The oldest baths of the three is Dukinfield Baths. It opened in 1965 as the William Andrew Swimming Baths and Dukinfield Sauna. The baths were named after a former Dukinfield Alderman and – like the George Lawton Hall was in Mossley – bequeathed to the people of Dukinfield. On opening, the 25 metre pool had a springboard, hence there being a 10′ end so close to the 6′ end. Access to the sauna was gained through a separate entrance.
Of the three, the closure of Dukinfield’s pool could be a most politically sensitive move. Since the Coalition Government’s installation in 2010, and the arrival of its full fat Tory successors last May, Dukinfield has been at the sharpest end of the borough’s spending cuts. The principle of William Andrew’s legacy could be squandered if the proposed Tameside Wellness Centre is anywhere but Dukinfield.
To best serve the people of Denton, Dukinfield and Ashton-under-Lyne (should all three pools close), it is important that the proposed Tameside Wellness Centre should be in Dukinfield!
Lack of joined-up thinking could be party to the closure of Ashton’s pool. Firstly, Transport for Greater Manchester’s Cycle Hub is right next to the pool and its usefulness could be eroded. Secondly, with increased footfall from Tameside College students studying the centre of Ashton-under-Lyne, where would they go for a swim? The easiest ways could be a 348 to Copley Recreation Centre or the 409 to the new sports centre in Oldham.
Furthermore, the lack of a decent swimming facility in the borough’s administrative capital isn’t going to win any friends in Ashton! Most other boroughs in Greater Manchester has a pool in its main commercial centre. Manchester and Salford are exceptions; Altrincham rather than Old Trafford has Trafford MBC’s main pool.
The people of Denton could be similarly inconvenienced. Like Dukinfield’s pool, Denton’s not only has attractive bus links; it also has a good catchment area of terraced and semi-detached houses within five to ten minutes walk. Furthermore, Denton’s pool sees use from residents in East Manchester (next nearest pools, Medlock Leisure Centre or The Aquatics Centre, Chorlton-on-Medlock).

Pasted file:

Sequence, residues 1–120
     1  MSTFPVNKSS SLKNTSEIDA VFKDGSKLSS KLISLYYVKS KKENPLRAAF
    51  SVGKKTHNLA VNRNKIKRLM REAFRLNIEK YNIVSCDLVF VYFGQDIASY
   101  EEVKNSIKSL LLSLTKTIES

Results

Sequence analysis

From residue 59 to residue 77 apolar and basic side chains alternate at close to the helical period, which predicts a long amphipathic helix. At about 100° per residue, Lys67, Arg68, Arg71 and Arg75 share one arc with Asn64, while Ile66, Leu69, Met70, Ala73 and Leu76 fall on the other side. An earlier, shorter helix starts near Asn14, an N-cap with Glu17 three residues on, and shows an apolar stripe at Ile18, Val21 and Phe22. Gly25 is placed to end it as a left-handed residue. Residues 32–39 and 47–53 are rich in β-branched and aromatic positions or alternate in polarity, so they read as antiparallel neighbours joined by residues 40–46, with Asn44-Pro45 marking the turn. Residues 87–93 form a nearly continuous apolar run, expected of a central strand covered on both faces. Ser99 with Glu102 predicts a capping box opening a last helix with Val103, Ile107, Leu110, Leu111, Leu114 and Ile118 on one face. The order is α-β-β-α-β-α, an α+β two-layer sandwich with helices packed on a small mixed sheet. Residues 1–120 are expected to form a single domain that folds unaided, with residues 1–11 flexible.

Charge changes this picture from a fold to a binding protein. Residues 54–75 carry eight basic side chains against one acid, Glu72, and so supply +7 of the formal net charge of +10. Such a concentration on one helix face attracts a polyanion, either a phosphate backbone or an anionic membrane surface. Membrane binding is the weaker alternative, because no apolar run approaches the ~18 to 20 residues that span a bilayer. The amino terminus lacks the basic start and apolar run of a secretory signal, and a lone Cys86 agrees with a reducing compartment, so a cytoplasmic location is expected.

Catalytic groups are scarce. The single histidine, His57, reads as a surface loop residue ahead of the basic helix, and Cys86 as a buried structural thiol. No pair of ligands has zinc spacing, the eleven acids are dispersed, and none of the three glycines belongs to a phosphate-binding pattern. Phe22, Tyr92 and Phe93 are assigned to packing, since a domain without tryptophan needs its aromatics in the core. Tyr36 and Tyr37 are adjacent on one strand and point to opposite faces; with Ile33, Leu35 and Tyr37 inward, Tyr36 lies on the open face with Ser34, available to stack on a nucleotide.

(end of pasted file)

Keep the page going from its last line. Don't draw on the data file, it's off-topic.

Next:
- Bus station less than five minutes walk;
- TfGM Cycle Hub outside main entrance;
- Railway and tram stations within ten minutes walk.
- Good catchment area with surrounding houses;
- Regular buses to Denton from Manchester city centre, Hyde, Haughton Green and Ashton-under-Lyne;
- Closest swimming baths in Tameside to a motorway.
- Excellent catchment area with surrounding houses and local schools;
- 41, 346 and 389 buses within 10 minutes walk to baths. 343 bus service stops outside baths;
- Most spacious – and free – off-street car parking facilities.
Supposing the three swimming pools will close in 2020, the future of Tameside’s leisure facilities would see the Tameside Wellness Centre in a central position between Ashton-under-Lyne, Denton and Dukinfield. The letters pages of the digital edition of the Tameside Reporter would see people rueing the loss of their facilities. On the other hand, Hydonians may be happy to see the return of proper swimming lanes after a 40 year hiatus.
As part of the rationalisation plans, the people of Hyde could see the return of ‘serious swimming’, bridging a 40 or so year gap since the Union Street baths were demolished. To compensate the loss of three pools, the present Tameside Leisure Pool will be extended to accommodate a six lane 25m swimming pool.
What we could be about to lose is 12 lanes, given that Ashton, Denton and Dukinfield pools total 18 lanes. With incumbent swimming teams trying to vie for space with non-competitive swimmers, Walker Lane could be pretty busy, much to chagrin of residents and football fans when Hyde United are at home nearby. There is also no plans for a dedicated toddlers’ pool.
Whereas the three affected pools have good bus connections, Tameside Leisure Pool’s public transport connections are less effective. Though the 201 and 387 bus services stop at the junction of Mottram New Road and Lumn Road (seven buses per hour near The Sportsman public house), the bus services along Walker Lane are half hourly (341 and 342 – and no evening journeys). How do we if either the 341 and/or the 342 buses are withdrawn by 2020 due to departmental cuts at TfGM?